But nearly a year later, we've heard nothing from Cameron. Instead, his party has further damaged its reputation with ethnic minorities through a series of demagogic stunts (most notably the "go home" vans) on immigration. That, one suspects, is closer to the point Cable intended to make.

Vince Cable with David Cameron at No. 10 Downing Street in 2011. Photograph: Getty Images.

George Eaton is political editor of the New Statesman.

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Richard Dawkins: We need a new party - the European Party

I was unqualified to vote in the EU referendum. So at least now we should hear from experts. 

It is just conceivable that Brexit will eventually turn out to be a good thing. I gravely doubt it, but I’m not qualified to judge. And that is the point. I wasn’t qualified to vote in the referendum. Nor were you, unless you have a PhD in economics or are an expert in a relevant field such as history. It’s grotesque that David Cameron, with the squalidly parochial aim of silencing the Ukip-leaning wing of his party, gambled away our future and handed it over to a rabble of ignorant voters like me.

I voted – under protest, because I never should have been asked to vote, but I did. In line with the precautionary principle, I knew enough to understand that such a significant, complex and intricate change as Brexit would drive a clumsy bull through hundreds of delicate china shops painstakingly stocked up over decades of European co-operation: financial agreements, manufacturing partnerships, international scholarships, research grants, cultural and edu­cational exchanges.

I voted Remain, too, because, though ­ignorant of the details, I could at least spot that the Leave arguments were visceral, emotional and often downright xenophobic. And I could see that the Remain arguments were predominantly rational and ­evidence-based. They were derided as “Project Fear”, but fear can be rational. The fear of a man stalked by a hungry polar bear is entirely different from the fear of a man who thinks that he has seen a ghost. The trick is to distinguish justified fear from irrational fear. Those who scorned Project Fear made not the slightest attempt to do so.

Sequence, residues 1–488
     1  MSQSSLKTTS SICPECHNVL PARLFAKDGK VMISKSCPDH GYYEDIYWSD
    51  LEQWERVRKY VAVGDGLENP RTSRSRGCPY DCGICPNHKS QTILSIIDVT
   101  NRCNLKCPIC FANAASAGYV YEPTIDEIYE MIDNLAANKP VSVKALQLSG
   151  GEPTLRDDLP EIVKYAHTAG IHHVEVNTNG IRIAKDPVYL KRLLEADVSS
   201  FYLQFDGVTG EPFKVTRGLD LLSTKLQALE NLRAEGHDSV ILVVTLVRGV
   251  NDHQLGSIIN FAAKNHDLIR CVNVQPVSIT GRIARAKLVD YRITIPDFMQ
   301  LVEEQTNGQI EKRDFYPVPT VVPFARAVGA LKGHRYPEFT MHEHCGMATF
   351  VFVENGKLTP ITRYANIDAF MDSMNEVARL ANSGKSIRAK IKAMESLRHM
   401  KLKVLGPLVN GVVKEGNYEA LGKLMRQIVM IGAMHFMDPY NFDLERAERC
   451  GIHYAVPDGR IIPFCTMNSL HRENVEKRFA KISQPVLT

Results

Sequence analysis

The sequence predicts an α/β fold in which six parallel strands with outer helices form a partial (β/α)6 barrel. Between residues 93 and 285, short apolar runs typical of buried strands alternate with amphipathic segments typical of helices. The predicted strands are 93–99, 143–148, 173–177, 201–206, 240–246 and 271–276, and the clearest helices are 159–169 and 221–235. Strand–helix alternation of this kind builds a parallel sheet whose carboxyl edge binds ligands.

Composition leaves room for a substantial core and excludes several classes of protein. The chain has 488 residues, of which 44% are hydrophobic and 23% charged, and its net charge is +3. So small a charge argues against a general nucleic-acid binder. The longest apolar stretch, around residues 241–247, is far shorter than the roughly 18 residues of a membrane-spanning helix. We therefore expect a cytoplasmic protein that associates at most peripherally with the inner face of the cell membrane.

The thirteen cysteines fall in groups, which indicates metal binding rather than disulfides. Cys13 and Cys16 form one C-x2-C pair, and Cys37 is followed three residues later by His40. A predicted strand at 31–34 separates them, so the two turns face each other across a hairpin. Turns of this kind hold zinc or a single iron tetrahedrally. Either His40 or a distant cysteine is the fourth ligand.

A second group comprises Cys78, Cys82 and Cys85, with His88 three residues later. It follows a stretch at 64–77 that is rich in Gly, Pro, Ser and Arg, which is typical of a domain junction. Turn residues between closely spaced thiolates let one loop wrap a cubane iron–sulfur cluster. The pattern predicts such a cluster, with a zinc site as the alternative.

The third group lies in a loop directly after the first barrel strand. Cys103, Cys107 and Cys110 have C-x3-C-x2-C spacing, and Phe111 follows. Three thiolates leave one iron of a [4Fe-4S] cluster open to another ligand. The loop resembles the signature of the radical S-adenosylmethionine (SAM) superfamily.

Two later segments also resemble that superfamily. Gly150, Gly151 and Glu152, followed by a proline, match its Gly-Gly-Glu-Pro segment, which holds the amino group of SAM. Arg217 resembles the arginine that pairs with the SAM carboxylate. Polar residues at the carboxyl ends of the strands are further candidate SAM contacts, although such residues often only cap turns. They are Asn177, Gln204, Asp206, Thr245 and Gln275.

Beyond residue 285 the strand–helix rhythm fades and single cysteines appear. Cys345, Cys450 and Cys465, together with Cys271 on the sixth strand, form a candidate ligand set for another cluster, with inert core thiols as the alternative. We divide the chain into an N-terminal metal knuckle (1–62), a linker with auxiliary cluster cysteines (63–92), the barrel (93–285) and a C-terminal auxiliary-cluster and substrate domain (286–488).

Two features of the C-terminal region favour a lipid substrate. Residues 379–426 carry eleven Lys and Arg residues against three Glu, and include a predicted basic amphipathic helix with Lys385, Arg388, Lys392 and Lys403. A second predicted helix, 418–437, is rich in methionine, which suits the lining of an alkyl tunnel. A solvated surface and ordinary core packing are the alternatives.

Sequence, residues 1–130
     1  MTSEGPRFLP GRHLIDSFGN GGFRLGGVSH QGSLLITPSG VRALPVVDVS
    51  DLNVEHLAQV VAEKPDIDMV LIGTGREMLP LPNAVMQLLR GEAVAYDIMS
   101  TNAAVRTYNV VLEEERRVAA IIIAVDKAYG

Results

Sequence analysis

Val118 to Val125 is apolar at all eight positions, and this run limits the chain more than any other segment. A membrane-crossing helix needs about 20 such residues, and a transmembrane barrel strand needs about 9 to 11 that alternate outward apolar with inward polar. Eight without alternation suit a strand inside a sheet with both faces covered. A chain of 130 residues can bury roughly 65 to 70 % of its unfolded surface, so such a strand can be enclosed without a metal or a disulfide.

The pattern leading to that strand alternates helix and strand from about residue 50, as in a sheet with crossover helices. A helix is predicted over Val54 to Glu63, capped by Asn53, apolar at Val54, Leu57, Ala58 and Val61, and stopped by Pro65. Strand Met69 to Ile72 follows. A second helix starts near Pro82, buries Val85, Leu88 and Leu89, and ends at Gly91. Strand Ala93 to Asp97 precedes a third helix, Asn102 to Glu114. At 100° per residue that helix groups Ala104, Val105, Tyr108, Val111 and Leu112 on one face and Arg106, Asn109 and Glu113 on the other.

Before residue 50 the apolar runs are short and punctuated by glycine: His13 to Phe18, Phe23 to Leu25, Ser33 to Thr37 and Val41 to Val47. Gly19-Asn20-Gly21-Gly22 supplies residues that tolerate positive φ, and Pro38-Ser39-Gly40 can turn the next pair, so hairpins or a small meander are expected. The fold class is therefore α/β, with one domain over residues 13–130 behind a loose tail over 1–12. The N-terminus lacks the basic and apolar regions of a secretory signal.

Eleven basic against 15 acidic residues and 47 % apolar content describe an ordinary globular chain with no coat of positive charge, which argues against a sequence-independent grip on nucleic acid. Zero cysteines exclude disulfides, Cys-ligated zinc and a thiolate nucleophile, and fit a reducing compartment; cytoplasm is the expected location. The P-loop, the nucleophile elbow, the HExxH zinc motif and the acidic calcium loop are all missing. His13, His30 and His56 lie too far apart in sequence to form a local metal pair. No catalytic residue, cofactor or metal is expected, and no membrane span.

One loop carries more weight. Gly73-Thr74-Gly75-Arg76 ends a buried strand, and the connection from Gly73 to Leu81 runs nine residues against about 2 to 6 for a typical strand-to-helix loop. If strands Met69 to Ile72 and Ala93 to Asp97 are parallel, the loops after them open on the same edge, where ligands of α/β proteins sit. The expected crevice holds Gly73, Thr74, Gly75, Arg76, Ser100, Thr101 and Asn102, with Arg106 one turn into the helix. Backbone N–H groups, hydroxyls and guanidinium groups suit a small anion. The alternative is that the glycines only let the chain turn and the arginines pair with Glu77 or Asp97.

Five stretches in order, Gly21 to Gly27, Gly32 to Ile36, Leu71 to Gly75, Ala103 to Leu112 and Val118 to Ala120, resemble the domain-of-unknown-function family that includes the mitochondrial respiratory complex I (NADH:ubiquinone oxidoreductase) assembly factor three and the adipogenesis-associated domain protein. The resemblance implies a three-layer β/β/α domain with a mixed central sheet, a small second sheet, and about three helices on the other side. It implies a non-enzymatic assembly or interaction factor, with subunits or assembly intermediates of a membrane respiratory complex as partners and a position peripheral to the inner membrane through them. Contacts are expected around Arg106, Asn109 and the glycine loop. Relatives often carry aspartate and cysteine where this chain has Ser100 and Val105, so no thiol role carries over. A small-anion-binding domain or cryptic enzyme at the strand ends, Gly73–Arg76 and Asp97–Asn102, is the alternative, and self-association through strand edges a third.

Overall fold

The single most shocking message conveyed during the referendum campaign was: “Don’t trust experts.” The British people are fed up with them, we were told. You, the voter, are the expert here. Despicable though the sentiment was, it unfortunately was true. Cameron made it true. By his unspeakable folly in calling the referendum, he promoted everyone to the rank of expert. You might as well call a nationwide plebiscite to decide whether Einstein got his algebra right, or let passengers vote on which runway the pilot should land on.

Scientists are experts only in their own limited field. I can’t judge the details of physics papers in the journal Nature, but I know that they’ve been refereed rigorously by experts chosen by an expert editor. Scientists who lie about their research results (and regrettably there are a few) face the likelihood that they’ll be rumbled when their experiments are repeated. In the world of science, faking your data is the cardinal sin. Do so and you’ll be drummed out of the profession without mercy and for ever.